Wednesday, January 25, 2012

Post-Partum Pardon

This is a blog that is a long time coming. It's one that I've struggled with a lot since my son was born over two years ago and I think I'm ready (finally) to talk about it. I was inspired by this blog I read recently about "Don't Carpe Diem" and conversations I've had with moms who have had similar experiences with new motherhood. I thought maybe it was time I shared my story in case there are new moms out there who are struggling and need to hear how someone like them survived.

I struggled with being a new mom. Really struggled. I was not blissful or happy with my newborn. I was heartbroken, tired, and (in retrospect) depressed. I did not feel instant joy when he was placed in my arms and I was unable to "treasure every moment" as I was so often urged to. Maybe it was the circumstances of his c-section birth; maybe it was the intermittent depression I've dealt with all of my life; or maybe it was the fact that we initially had a very small support system in the state where we lived but the first six months of my son's life were probably the hardest six months of my life.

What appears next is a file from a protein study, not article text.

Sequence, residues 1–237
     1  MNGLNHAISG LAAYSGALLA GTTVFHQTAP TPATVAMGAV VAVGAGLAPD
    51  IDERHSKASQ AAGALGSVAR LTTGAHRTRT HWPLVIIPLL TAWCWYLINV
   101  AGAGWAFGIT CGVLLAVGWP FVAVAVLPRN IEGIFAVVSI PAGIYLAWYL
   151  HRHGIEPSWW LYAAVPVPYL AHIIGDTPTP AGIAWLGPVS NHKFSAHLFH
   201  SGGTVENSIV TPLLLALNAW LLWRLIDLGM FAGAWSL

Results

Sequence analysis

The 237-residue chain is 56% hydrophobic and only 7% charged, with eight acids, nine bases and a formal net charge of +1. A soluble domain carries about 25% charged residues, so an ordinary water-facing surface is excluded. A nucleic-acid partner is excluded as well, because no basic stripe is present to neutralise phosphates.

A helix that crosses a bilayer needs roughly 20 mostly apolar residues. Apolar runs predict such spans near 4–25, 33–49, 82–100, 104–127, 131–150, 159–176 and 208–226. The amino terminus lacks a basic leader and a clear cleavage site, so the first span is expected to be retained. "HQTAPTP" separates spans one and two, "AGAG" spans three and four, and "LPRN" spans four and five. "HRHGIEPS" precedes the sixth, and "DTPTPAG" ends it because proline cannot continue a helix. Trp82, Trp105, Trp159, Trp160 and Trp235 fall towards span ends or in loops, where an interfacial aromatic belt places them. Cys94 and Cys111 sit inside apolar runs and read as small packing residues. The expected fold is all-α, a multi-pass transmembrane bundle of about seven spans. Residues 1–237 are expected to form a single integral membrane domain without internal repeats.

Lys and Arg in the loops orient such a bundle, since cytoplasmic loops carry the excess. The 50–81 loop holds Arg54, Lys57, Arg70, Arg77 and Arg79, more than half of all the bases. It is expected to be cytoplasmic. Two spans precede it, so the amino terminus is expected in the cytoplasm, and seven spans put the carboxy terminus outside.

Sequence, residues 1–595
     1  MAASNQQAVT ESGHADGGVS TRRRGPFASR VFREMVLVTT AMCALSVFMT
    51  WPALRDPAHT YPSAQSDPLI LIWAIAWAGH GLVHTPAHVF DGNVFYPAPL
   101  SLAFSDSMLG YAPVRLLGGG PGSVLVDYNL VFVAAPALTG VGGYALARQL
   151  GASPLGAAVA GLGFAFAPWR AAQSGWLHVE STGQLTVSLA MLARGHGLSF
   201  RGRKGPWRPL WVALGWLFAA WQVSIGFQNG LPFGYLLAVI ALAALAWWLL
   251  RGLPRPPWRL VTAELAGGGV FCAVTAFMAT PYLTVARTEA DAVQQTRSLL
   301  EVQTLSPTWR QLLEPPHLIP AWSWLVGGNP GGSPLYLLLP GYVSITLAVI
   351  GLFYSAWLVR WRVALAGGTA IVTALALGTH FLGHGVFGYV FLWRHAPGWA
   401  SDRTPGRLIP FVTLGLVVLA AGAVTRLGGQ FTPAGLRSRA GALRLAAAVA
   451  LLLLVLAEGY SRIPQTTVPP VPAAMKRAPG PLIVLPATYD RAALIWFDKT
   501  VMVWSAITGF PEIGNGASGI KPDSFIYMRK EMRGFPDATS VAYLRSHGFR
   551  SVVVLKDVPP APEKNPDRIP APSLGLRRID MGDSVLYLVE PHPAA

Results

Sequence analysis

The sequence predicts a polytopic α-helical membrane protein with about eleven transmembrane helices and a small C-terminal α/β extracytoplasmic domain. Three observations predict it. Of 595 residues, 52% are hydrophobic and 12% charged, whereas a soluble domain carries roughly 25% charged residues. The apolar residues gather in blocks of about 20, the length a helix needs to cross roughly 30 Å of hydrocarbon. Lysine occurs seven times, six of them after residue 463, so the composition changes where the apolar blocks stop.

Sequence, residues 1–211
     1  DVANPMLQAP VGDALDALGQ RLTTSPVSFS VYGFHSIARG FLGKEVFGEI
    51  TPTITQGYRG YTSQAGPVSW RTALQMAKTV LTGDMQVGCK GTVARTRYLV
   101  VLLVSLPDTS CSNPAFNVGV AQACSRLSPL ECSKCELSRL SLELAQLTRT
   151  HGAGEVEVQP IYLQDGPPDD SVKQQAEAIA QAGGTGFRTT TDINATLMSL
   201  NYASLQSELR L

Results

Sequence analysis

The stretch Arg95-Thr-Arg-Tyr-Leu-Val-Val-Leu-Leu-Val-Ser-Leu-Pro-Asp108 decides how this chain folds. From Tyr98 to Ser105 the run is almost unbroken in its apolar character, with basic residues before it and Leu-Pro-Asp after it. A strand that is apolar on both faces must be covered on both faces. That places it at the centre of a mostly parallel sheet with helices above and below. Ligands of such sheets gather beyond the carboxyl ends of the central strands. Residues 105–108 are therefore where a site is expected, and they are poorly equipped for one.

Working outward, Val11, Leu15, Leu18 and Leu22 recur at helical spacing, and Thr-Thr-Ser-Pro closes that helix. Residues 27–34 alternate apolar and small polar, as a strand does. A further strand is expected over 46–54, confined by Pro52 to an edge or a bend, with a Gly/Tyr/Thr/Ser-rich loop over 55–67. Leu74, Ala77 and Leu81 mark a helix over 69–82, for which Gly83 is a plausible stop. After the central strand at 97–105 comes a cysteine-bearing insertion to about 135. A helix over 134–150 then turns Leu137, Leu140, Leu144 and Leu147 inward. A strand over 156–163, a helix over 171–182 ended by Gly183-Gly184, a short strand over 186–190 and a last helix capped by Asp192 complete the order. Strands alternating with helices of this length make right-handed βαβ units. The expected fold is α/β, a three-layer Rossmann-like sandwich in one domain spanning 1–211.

I think what made it especially hard was all the shame I felt about not being the mom I thought I should be and would be. It wasn't about what I was or was not doing. Technically, I was doing everything that I thought I needed to do. I was a stay at home mom who wore my baby upwards of 16 hours a day and I was up for hours and hours every night with him. I breastfed him, I cloth diapered him, I was attentive to him day and night, I dramatically changed my diet to help his reflux, I was really trying to do my best. I did everything I thought I could do to be the best mom I could be for him, but I did not feel like I thought I should. I was not blissful and it seemed like everywhere I turned there was another person telling me how I should "love" every second of the infant stage because it would all go by so quickly.